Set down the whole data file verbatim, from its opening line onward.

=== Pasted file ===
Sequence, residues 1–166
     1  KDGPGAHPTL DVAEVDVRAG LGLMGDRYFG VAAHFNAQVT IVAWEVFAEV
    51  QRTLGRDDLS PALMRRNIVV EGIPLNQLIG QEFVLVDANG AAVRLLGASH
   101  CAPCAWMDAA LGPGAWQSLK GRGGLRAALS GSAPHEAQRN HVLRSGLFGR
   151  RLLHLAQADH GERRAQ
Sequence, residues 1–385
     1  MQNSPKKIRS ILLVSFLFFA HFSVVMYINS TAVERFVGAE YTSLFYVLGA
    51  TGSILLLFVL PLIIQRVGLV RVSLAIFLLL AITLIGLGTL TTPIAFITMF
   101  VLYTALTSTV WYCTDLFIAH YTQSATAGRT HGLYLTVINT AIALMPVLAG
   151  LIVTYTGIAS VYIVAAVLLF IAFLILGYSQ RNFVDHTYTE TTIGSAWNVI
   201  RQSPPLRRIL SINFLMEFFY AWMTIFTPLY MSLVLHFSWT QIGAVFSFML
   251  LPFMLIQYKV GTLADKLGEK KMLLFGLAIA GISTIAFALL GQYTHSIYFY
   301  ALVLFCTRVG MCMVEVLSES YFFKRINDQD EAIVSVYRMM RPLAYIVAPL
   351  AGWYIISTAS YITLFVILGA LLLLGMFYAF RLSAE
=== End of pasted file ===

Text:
Sequence, residues 1–166
     1  KDGPGAHPTL DVAEVDVRAG LGLMGDRYFG VAAHFNAQVT IVAWEVFAEV
    51  QRTLGRDDLS PALMRRNIVV EGIPLNQLIG QEFVLVDANG AAVRLLGASH
   101  CAPCAWMDAA LGPGAWQSLK GRGGLRAALS GSAPHEAQRN HVLRSGLFGR
   151  RLLHLAQADH GERRAQ
Sequence, residues 1–385
     1  MQNSPKKIRS ILLVSFLFFA HFSVVMYINS TAVERFVGAE YTSLFYVLGA
    51  TGSILLLFVL PLIIQRVGLV RVSLAIFLLL AITLIGLGTL TTPIAFITMF
   101  VLYTALTSTV WYCTDLFIAH YTQSATAGRT HGLYLTVINT AIALMPVLAG
   151  LIVTYTGIAS VYIVAAVLLF IAFLILGYSQ RNFVDHTYTE TTIGSAWNVI
   201  RQSPPLRRIL SINFLMEFFY AWMTIFTPLY MSLVLHFSWT QIGAVFSFML
   251  LPFMLIQYKV GTLADKLGEK KMLLFGLAIA GISTIAFALL GQYTHSIYFY
   301  ALVLFCTRVG MCMVEVLSES YFFKRINDQD EAIVSVYRMM RPLAYIVAPL
   351  AGWYIISTAS YITLFVILGA LLLLGMFYAF RLSAE